The gar­dener, the cook, the thrifty householder, the home medicine maker – all will be in­spired by our guide to grow­ing and us­ing herbs and su­per­foods.

Herbs & Superfoods - - What’s Inside? Contents -

Ed­i­tor Jane Wrig­glesworth makes a case for grow­ing more herbs.

Aherb, botan­i­cally speak­ing, is any plant that lacks the woody tis­sue that is char­ac­ter­is­tic of shrubs or trees. How­ever, a herb has also come to be known as a plant that can be used to flavour foods, ward off pests, freshen the air and treat ail­ments. Chamomile, for ex­am­ple, can be used for its calm­ing prop­er­ties, and the ac­tive con­stituents in cal­en­dula pro­mote wound heal­ing and soothe skin dis­or­ders. Tansy, rose­mary, fen­nel and pen­ny­royal are known for their flea-flee­ing ef­fec­tive­ness; the dried leaves can be scat­tered around pets’ bed­ding to send fleas pack­ing.

Over the past few years the in­ter­est in us­ing herbs medic­i­nally has come back into fash­ion. Many old recipes like the ones our great-grand­moth­ers and grand­moth­ers used are just as ef­fec­tive to­day as they were in their day. Be­fore the ad­vent of an­tibi­otics, for ex­am­ple, thyme leaves were mashed and used as a poul­tice for cuts and wounds to pre­vent in­fec­tion. Thy­mol, the nat­u­rally oc­cur­ring com­pound in thyme, is known to be an­ti­sep­tic, an­tibi­otic and an­tivi­ral. We can use thyme to­day for the same pur­pose, though most of us would take thyme as a herbal tea at the on­set of coughs and colds to nip them in the bud, or as an an­tibac­te­rial mouth­wash.

In the past, cal­en­dula flow­ers were used for the same an­timi­cro­bial pur­poses. Dur­ing World War I, the flow­ers were ap­plied to open wounds to stop bleed­ing, pre­vent in­fec­tion and pro­mote heal­ing.

Blue­ber­ries, long used as a food – and to­day classed as a su­per­food – were also used as a nat­u­ral preser­va­tive. Their high fi­bre and nat­u­ral sugar con­tent con­trib­ute to their water-ab­sorb­ing and bind­ing ca­pa­bil­i­ties, which aids shelf-life. Blue­ber­ries also con­tain ben­zoic acid, which is a nat­u­ral an­timi­cro­bial com­pound. As a su­per­food, of course, we ben­e­fit from their abun­dance of vi­ta­mins, min­er­als and an­tiox­i­dants. Na­tive Amer­i­cans used blue­ber­ries for both their nu­tri­ents and pre­serv­ing power. The dried berries were mixed with dried pow­dered meat for a long-last­ing, nour­ish­ing food.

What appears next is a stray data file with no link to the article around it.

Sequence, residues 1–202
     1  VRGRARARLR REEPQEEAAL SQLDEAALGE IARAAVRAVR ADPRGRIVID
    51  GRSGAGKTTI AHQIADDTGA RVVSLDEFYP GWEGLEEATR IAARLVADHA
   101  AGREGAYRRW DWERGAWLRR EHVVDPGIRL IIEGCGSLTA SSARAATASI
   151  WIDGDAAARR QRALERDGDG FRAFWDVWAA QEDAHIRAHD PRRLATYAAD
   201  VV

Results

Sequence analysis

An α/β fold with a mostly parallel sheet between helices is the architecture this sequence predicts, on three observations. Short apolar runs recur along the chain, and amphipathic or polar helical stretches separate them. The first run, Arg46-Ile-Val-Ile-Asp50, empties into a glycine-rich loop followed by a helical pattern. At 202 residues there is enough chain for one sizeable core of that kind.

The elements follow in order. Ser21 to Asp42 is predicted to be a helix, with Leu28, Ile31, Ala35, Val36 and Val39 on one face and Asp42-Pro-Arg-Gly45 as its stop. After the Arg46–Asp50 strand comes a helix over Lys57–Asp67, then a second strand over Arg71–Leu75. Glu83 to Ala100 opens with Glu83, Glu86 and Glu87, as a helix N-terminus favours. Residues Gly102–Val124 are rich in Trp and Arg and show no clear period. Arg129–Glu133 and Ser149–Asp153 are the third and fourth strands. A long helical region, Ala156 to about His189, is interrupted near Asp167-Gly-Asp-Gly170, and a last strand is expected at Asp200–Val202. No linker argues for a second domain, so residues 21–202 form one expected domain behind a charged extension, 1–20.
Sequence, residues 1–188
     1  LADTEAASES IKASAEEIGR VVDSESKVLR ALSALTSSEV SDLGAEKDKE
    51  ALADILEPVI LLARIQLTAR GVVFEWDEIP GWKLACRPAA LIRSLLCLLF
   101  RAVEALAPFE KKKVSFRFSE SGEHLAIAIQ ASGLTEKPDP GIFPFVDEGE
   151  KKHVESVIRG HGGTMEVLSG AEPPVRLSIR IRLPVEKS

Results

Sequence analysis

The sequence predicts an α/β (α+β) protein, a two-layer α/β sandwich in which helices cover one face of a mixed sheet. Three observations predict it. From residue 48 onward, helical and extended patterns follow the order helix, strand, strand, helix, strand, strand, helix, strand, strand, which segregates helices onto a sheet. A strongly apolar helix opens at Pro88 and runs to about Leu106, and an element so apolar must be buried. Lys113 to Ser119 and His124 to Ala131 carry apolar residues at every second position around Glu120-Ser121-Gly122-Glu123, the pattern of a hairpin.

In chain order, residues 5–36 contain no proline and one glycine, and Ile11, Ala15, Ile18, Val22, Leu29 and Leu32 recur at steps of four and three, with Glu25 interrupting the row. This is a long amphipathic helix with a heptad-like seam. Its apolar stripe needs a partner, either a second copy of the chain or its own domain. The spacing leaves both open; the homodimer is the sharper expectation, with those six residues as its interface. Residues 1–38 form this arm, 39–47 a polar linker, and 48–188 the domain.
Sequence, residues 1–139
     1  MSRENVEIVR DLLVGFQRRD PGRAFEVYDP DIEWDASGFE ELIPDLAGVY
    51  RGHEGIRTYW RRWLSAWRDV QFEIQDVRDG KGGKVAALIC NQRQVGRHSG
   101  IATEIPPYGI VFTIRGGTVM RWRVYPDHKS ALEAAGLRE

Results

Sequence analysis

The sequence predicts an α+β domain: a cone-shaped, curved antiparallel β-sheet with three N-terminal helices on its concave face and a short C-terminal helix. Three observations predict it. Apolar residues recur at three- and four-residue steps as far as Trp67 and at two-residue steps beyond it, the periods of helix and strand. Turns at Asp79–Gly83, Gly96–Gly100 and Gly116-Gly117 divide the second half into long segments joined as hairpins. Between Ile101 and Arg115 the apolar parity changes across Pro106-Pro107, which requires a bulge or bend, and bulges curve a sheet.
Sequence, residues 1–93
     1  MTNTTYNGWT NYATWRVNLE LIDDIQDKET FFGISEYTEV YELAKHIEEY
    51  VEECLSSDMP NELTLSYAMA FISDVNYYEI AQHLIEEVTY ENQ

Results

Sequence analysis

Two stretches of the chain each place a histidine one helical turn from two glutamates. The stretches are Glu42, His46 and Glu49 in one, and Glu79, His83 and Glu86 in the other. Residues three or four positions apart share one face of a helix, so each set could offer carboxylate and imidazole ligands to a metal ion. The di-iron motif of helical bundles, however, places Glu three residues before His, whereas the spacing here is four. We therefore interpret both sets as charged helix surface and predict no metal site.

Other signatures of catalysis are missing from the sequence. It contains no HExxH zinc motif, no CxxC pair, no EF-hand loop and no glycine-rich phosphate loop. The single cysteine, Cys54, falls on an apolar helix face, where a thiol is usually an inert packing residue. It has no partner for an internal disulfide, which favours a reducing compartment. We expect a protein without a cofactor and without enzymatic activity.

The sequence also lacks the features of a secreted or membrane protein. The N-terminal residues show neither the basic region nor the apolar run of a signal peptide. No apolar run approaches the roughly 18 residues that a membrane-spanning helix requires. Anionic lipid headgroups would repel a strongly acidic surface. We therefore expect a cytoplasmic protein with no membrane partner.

How­ever, herbs, just like pre­scribed med­i­ca­tions, can be dan­ger­ous or even deadly – or at the very least pro­duce un­wanted side ef­fects. If a herb is strong enough to pro­duce a positive ef­fect, such as lower choles­terol or anx­i­ety, it is also strong enough to carry risk. Some herbs in­ter­act with pre­scrip­tion med­i­ca­tions or can be dan­ger­ous if used in com­bi­na­tion with al­co­hol or seda­tives. Oth­ers may be dan­ger­ous when com­bined with pre­scrip­tion anti-de­pres­sants. It’s im­por­tant to in­ves­ti­gate all known side-ef­fects be­fore use. Do not as­sume be­cause it’s nat­u­ral that it is safe.

Al­ways con­sult with a qual­i­fied health prac­ti­tioner be­fore de­cid­ing on any course of treat­ment, es­pe­cially if you have chronic health prob­lems, you take pre­scribed med­i­ca­tions, or you are preg­nant or breast­feed­ing.

Ap­ply­ing herbs and es­sen­tial oils to the skin (in nat­u­ral creams and per­fumes) may also cause ad­verse re­ac­tions if you have sen­si­tive skin. I have been mak­ing my own nat­u­ral per­fumes and de­odor­ants for years and have no prob­lems, but a friend has a mild re­ac­tion when she uses botan­i­cals. Al­ways test a small patch of skin be­fore us­ing on your en­tire body. Like all things, if you are sen­si­ble in your use of herbs you can en­joy what they have to of­fer.

I hope you are in­spired by this guide to herbs and su­per­foods, and give herbal medicine-, per­fume- and cos­metic-mak­ing a go.

"Let thy food be thy medicine and thy medicine be thy food." Hip­pocrates (460-377 BC)

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